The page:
I know children regress after vaccination because it happened to my own son. Why aren't there any tests out there on the safety of how vaccines are administered in the real world, six at a time? Why have only 2 of the 36 shots our kids receive been looked at for their relationship to autism? Why hasn't anyone ever studied completely non-vaccinated children to understand their autism rate?

These missing safety studies are causing many parents to approach vaccines with moderation. Why do other first world countries give children so many fewer vaccines than we do? What if a parent used the vaccine schedule of Denmark, Norway, Japan or Finland -- countries that give one-third the shots we do (12 shots vs. 36 in the U.S.)? Vaccines save lives, but might be harming some children -- is moderation such a terrible idea?

This debate won't end because of one dubious reporter's allegations. I have never met stronger women than the moms of children with autism. Last week, this hoopla made us a little stronger, and even more determined to fight for the truth about what's happening to our kids.

Amazing.

more than 3 years ago
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Wired Responds In Manning Chat Log Controversy

Ieshan The Critical Section (222 comments)

When The New York Times ran an entirely appropriate and well reported profile of WikiLeaks founder Julian Assange — discussing his personality and his contentious leadership style — Greenwald railed against the newspaper, terming the reporters “Nixonian henchmen.”

Similarly, when Assange complained that journalists were violating his privacy by reporting the details of rape and molestation allegations against him in Sweden, Greenwald agreed, writing: “Simultaneously advocating government transparency and individual privacy isn’t hypocritical or inconsistent; it’s a key for basic liberty.”

With Manning, Greenwald adopts the polar opposite opinions. “Journalists should be about disclosing facts, not protecting anyone.” This dissonance in his views has only grown in the wake of reports that Manning might be offered a plea deal in exchange for testimony against Assange.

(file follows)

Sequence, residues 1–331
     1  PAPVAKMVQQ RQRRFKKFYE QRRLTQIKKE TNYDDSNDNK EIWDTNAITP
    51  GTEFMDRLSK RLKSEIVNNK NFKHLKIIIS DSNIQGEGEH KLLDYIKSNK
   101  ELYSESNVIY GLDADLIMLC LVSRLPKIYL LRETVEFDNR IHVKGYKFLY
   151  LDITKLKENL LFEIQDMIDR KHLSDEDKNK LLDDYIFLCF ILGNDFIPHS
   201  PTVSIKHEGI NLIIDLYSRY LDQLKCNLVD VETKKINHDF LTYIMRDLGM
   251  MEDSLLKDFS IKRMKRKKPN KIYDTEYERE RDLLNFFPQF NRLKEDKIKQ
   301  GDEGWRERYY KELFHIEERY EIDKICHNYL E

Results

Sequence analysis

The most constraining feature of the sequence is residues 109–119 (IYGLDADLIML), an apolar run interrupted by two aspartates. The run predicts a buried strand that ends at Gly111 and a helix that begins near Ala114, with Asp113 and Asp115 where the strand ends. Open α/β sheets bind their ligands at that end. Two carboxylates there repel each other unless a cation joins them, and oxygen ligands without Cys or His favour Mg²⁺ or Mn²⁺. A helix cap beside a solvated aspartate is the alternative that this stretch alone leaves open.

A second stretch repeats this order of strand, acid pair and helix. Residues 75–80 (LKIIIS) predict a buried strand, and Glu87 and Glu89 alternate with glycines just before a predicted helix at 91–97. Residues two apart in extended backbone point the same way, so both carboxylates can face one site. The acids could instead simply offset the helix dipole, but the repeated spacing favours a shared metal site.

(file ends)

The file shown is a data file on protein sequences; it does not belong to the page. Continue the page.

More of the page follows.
I don't know whether or not Wired is guilty or innocent here. But it seems they've got a fair point about Greenwald, and it seems fair to give them the benefit of the doubt.

more than 3 years ago
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Wikileaks Booted From Amazon

Ieshan Re:There's no need to fear Joe Lieberman (528 comments)

If I'm supporting the Dark Ages, you're supporting a world where apparently the US doesn't trade with anyone, because we have stopped caring about what happens outside of our own borders.

This has NOTHING TO DO WITH COPYRIGHT LAWS. This has NOTHING TO DO WITH THREE STRIKES.

We're talking about things like:
* Famine
* Military Aid to Allies
* Sending drugs to Africa to fight AIDS
* Pressuring Countries to Adopt Climate Change Legislation
* Enacting Fair Labor Laws in other Countries

etc.

People who are upset at US influence because of fucking copyright protection have no idea and who want to revert to absurdist protectionism because they are upset at the RIAA are so far off the mark here it's not even funny.

We're talking about the ability of the US Government to communicate sensibly with its allies and negotiate reasonably with its enemies. Not the fucking RIAA, and not copyright law.

more than 3 years ago
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Wikileaks Booted From Amazon

Ieshan Re:There's no need to fear Joe Lieberman (528 comments)

Go look for it. I used those tags here because other forums have mainly switched to them. I've had a positive comment history here for what, 10 years?

more than 3 years ago
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Wikileaks Booted From Amazon

Ieshan Re:There's no need to fear Joe Lieberman (528 comments)

This is the most ridiculous sentiment to come out of this entire thing.